Jeffrey W. Driver. A Polity of Persuasion: Gift and Grief of Anglicanism. The Lutterworth Press, 2014.
It is hard to believe that it is over a decade since the publication of the Windsor Report sought to address the splits within Anglicanism over same-sex relationships. This book, by the Archbishop of Adelaide, is a reflection on the nature of Anglicanism and its ecclesiology – its concern for historical contextuality, dispersed authority and proceeding through persuasion and reception of new ideas – in the light of these developments and earlier tensions over women’s ordination. It offers both an account and interpretation of recent decades and its own proposals as to how conflicts could be better handled from an Anglican perspective.
The second and third chapters offer a helpful overview of the series of reports from The Grindrod Report on women bishops for Lambeth 1988 through the Eames Commissions and Virginia Report to Windsor and then the development of the covenant. There is much here of value but the account also raises some questions. These relate to gaps in the history (such as the growth of the language of “instruments” and ACC reports on the Communion) and in the secondary literature (e.g. Doe’s major study of the covenant is not referenced) as well as to emphases (too much is made of the draft covenant in an appendix to Windsor and, despite his post-colonial concerns, it is the northern rather than Global South critiques of the covenant drafts that get attention). I remained unpersuaded by his overall argument that Windsor and the final covenant text marked a significant centralisation of authority. This fails to recognise the protection of provincial autonomy internally while setting out agreed processes to oversee the inter-provincial life of the Communion.
The next two chapters set out some of the bases for Bishop Driver’s critique and own proposals: a study of open reception and an informative account of the distinctive structures of his own province’s polity and how it might help the Communion as a whole. He then sets out a way in which the Communion might move from restraining destructive conflict (the focus until now) to enabling appropriate and creative conflict within koinonia. His vision of a “polity of persuasion” with a focus on relationality, giving time and space for discernment, conciliarity and creative conflict has much that appeals although it is surprising that more attention is not given here to the Continuing Indaba Project (perhaps reflecting the fact no Australian diocese was involved in the initial conversations). There remains, however, a need for more clarity about how churches or Instruments should respond when the Communion clearly views a development as an unbiblical error and calls on provinces to pause but is ignored, as happened over same-sex unions but not over women’s ordination. Here his important critique (most fully set out in his final chapter) of the idealism behind appealing to Trinitarian communion as a model for ecclesial communion needs to go beyond the realities of human frailty and brokenness to the need to respond to sin and disobedience.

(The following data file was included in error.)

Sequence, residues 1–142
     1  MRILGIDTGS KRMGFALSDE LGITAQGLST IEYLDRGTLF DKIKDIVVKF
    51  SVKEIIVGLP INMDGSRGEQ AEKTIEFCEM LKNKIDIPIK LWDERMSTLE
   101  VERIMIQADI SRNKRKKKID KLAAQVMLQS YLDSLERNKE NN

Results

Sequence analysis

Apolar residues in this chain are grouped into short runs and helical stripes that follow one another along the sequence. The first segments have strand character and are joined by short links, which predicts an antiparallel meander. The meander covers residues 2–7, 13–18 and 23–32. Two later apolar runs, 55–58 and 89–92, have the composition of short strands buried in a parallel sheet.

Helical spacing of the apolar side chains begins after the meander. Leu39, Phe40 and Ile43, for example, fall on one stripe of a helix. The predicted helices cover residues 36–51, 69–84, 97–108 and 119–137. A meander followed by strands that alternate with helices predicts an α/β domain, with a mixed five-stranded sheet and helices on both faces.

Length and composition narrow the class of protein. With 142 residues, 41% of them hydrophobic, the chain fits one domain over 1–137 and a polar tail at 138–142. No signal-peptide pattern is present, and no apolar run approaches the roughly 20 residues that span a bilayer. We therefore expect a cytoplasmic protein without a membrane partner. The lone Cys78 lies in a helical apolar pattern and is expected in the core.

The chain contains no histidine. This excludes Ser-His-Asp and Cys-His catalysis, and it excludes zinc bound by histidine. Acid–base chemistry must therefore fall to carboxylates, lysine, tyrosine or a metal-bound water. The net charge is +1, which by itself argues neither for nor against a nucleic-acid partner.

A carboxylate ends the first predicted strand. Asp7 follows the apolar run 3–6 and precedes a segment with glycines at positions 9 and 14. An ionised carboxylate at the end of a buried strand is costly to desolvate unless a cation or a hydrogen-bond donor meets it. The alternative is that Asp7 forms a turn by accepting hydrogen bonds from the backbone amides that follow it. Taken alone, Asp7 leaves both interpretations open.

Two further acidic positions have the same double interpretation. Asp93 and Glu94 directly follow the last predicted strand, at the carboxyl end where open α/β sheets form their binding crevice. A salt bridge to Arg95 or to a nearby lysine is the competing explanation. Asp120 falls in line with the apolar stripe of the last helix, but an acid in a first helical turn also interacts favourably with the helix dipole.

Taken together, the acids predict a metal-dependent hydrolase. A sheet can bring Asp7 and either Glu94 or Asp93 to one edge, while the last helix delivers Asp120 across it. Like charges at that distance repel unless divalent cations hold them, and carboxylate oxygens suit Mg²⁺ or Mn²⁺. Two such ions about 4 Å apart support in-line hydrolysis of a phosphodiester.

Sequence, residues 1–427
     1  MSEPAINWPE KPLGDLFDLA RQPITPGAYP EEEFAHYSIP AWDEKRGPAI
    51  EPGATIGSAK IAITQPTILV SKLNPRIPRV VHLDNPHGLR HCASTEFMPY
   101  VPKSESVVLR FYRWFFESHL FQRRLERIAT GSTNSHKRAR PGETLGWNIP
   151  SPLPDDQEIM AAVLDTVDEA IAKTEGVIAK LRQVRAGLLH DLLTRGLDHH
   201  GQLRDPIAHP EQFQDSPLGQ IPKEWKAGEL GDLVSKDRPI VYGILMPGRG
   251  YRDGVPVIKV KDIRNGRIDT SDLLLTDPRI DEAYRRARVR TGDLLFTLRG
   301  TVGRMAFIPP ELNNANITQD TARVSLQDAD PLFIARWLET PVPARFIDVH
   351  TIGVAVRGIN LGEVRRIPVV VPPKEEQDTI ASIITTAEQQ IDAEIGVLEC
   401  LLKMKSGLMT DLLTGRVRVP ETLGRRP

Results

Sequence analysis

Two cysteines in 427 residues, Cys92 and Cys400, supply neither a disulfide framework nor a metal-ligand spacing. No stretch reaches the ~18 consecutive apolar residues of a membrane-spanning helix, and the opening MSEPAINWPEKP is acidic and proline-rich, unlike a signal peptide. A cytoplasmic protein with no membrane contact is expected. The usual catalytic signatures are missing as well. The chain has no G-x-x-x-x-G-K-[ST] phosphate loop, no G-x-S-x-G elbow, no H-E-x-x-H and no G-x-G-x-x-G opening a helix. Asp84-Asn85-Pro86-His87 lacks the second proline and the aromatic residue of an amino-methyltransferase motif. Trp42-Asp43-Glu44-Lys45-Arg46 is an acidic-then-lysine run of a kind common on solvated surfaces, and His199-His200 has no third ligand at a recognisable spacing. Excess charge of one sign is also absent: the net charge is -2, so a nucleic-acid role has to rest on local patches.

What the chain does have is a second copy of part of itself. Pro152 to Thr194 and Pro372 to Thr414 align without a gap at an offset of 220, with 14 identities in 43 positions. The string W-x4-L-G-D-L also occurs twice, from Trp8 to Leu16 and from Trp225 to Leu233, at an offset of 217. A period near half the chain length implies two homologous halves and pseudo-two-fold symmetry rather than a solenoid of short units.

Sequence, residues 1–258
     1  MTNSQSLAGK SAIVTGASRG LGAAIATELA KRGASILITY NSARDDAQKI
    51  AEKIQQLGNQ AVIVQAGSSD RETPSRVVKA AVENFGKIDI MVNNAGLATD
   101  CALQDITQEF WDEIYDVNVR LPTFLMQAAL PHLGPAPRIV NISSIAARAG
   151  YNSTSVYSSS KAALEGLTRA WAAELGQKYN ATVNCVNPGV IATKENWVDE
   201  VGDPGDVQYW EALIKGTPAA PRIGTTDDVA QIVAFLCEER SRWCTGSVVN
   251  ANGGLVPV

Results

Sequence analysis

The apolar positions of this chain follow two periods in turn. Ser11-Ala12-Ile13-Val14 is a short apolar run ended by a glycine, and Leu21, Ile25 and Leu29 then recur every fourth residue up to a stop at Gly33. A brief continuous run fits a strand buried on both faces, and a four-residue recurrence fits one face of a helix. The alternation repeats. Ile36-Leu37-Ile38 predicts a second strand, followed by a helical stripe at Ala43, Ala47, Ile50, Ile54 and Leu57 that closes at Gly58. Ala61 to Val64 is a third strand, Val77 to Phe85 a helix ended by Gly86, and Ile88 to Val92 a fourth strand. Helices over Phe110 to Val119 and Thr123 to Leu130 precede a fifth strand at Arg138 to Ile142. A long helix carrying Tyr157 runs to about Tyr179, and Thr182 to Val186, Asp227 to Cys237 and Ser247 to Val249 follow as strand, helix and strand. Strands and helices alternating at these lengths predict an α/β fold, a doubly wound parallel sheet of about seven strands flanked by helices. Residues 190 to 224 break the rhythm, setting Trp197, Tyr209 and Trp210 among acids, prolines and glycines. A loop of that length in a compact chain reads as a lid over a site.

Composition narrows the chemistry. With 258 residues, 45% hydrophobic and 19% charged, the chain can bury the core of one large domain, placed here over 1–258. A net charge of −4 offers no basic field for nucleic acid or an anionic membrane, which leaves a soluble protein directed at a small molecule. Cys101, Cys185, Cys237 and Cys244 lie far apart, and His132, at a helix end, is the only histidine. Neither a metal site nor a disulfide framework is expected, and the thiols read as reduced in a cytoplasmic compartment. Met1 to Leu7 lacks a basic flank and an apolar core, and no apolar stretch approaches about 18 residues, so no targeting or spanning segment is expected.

Questions of faith and order within global Anglicanism, although not as high-profile in recent years, are now beginning to surface again after the recent Primates' gathering in Canterbury. This book is a valuable contribution which needs to be read by all interested in how we now move forward. Despite its weaknesses, its vision of a “polity of persuasion” as a gift that Anglicans can offer to the wider church and the world is an attractive one which needs to shape the new structures that are going to have to develop if we are in any sense to remain a global Communion.
This book review was originally produced for Anvil Journal. The Journal is currently transitioning to a new partnership with CMS. During this phase, book reviews are being published by Fulcrum.